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The South Campus of the University of the Free State (UFS) recently welcomed new first-year and returning senior students during an event in the Madiba Arena. This year marks another highlight for the campus, with the accommodation of 252 students in a brand-new residence named Legae (meaning “Home”) on the property.

Prof Daniella Coetzee, Campus Principal, reminded the gathered students, “You are a fully-fledged Kovsie, and this is the first day of the rest of your life. You are now going to really work on your dreams.”

She went on to relate the life story of Albert Einstein, renowned physicist, making the point, “When you work, when you persist, when you take it one day at a time, you never lose sight of your dreams, and you will reach your dreams. I can promise you one thing, dear Kovsies, that if you work hard, plan hard, and you put your mind to it, it will definitely be worthwhile.”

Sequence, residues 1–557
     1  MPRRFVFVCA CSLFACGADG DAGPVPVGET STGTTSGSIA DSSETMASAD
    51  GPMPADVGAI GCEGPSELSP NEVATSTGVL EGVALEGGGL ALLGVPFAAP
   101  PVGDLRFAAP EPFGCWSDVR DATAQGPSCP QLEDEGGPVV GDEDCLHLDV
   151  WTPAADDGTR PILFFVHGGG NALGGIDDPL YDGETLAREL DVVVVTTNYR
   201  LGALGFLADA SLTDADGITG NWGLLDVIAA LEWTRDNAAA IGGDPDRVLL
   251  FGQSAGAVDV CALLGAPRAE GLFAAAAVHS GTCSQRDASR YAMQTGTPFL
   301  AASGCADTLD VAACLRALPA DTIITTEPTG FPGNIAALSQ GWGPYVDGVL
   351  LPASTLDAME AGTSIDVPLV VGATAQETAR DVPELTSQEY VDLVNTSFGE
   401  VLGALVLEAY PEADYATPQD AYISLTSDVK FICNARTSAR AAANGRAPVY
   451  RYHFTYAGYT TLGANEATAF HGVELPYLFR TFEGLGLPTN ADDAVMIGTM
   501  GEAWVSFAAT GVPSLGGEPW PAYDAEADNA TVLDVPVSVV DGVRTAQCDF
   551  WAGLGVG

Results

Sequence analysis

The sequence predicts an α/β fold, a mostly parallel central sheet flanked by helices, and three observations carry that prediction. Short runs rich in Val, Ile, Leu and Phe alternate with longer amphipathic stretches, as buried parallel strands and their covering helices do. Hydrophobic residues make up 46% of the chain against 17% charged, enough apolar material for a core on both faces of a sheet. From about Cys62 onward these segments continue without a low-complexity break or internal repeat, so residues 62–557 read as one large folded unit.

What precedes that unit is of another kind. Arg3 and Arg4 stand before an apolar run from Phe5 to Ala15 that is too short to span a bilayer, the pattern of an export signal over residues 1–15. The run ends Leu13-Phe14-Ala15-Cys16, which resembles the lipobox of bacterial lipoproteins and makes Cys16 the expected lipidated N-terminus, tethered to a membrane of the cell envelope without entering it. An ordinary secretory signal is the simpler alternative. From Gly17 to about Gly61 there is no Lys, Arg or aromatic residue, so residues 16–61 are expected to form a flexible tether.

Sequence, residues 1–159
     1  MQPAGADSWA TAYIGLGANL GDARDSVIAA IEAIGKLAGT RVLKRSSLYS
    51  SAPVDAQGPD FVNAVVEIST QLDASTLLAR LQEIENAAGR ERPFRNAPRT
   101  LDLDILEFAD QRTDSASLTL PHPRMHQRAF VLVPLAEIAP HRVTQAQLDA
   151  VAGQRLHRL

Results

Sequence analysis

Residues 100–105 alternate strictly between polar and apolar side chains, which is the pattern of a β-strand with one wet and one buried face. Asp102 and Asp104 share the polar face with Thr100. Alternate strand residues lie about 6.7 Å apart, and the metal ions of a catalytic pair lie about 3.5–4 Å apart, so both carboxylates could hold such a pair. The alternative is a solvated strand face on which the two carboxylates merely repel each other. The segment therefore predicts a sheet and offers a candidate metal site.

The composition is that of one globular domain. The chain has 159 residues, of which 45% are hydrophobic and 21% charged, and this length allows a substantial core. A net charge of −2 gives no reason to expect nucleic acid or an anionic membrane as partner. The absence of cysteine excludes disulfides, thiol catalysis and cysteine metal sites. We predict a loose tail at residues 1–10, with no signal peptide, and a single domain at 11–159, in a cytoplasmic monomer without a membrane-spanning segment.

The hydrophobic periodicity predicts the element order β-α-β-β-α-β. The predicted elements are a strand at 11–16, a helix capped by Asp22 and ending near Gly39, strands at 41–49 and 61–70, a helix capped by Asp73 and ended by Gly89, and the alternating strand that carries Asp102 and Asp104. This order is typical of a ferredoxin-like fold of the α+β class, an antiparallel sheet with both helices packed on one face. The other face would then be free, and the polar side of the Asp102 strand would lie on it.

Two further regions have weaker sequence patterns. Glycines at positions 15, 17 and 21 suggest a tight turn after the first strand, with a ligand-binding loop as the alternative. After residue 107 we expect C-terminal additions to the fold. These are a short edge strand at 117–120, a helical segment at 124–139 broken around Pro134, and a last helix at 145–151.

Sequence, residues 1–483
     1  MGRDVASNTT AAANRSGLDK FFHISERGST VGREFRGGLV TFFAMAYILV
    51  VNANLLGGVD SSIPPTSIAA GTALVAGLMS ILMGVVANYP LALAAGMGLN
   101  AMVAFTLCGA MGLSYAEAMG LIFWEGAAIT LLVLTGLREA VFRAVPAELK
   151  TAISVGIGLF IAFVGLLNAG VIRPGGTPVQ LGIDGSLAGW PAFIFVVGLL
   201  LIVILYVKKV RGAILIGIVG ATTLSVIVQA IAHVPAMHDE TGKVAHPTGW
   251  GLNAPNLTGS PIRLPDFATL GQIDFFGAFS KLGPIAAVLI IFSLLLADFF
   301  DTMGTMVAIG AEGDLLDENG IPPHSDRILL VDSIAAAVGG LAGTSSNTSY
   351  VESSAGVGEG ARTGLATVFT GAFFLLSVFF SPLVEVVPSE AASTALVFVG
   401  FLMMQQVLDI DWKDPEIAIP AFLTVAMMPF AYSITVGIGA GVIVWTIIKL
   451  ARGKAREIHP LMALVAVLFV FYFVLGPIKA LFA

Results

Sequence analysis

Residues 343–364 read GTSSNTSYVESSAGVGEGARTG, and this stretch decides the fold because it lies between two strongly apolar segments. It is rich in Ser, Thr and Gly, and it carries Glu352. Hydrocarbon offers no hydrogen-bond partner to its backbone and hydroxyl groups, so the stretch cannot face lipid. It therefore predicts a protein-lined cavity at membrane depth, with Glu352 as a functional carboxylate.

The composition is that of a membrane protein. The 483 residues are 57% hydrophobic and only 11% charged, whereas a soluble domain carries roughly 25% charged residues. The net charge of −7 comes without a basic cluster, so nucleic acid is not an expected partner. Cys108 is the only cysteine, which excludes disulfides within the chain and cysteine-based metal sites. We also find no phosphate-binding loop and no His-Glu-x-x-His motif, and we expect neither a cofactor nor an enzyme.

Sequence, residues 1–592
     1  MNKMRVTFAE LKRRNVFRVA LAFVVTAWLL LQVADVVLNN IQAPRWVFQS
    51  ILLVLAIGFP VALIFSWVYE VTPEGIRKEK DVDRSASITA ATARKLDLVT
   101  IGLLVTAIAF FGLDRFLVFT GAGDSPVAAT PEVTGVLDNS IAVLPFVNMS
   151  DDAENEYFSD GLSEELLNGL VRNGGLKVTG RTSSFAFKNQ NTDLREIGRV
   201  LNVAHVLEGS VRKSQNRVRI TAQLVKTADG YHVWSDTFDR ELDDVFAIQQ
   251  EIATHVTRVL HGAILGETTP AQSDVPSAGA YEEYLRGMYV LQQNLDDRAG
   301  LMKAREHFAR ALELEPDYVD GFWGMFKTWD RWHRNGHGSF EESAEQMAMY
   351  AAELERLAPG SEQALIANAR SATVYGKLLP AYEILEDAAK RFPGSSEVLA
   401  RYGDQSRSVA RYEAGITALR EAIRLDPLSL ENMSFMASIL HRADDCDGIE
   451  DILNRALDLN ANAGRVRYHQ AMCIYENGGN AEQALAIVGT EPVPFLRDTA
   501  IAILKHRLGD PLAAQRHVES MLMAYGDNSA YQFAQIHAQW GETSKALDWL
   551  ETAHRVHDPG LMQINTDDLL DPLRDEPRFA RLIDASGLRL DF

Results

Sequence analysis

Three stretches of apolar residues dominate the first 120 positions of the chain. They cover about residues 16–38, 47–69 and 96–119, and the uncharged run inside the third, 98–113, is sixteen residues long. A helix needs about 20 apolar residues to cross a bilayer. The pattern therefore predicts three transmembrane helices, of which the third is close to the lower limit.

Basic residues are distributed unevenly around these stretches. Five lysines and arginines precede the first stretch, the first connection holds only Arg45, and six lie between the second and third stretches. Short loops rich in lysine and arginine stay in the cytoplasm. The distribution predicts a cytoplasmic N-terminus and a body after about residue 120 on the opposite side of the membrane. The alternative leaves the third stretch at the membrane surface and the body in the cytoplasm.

Setlogane Manchidi, Head of Investec’s Corporate Social Investments division and guest speaker, told his colourful life story and academic journey. He described his ‘a-ha moment’ in high school, “when the penny dropped and everything started making sense” on a visit to his mother’s employer in Johannesburg, after going to the cinema to watch a movie: “This is the life I want to live.”

Description: 'South Campus Opening Tags: South Campus, Opening
Andrew Tlou, Investec Social Investment; Carol Bunn,
UFS Institutional Advancement; Setlogane Manchidi,
Head of Investec’s Corporate Social Investments division;
Tshegofatso Setilo, UAP Programmes Manager; and
Francois Marais, Director: Access Programmes,
at the South Campus opening and orientation day.
Photo: Eugene Seegers


This led to a new resolve in his scholastic efforts at the rural school back home in Ga-Phahla, Limpopo, and he started studying over weekends and by candlelight at night. Mr Manchidi shared this lesson with the students, “At that point, I lost my so-called ‘friends.’ I learnt this: Peer pressure is real. If you want to deal with peer pressure, surround yourself with the right peers! Surround yourself with people who have your best interests at heart. Surround yourself with people who will not turn you back from your path.” He later succeeded in obtaining a bursary to study at the University of Cape Town (UCT).

Mr Manchidi concluded by exhorting students to aspire to greatness, “Every time you settle for what is expected, you rob yourself of the opportunity to prove yourself out of the ordinary. Choose to exceed expectations. Give it your all!”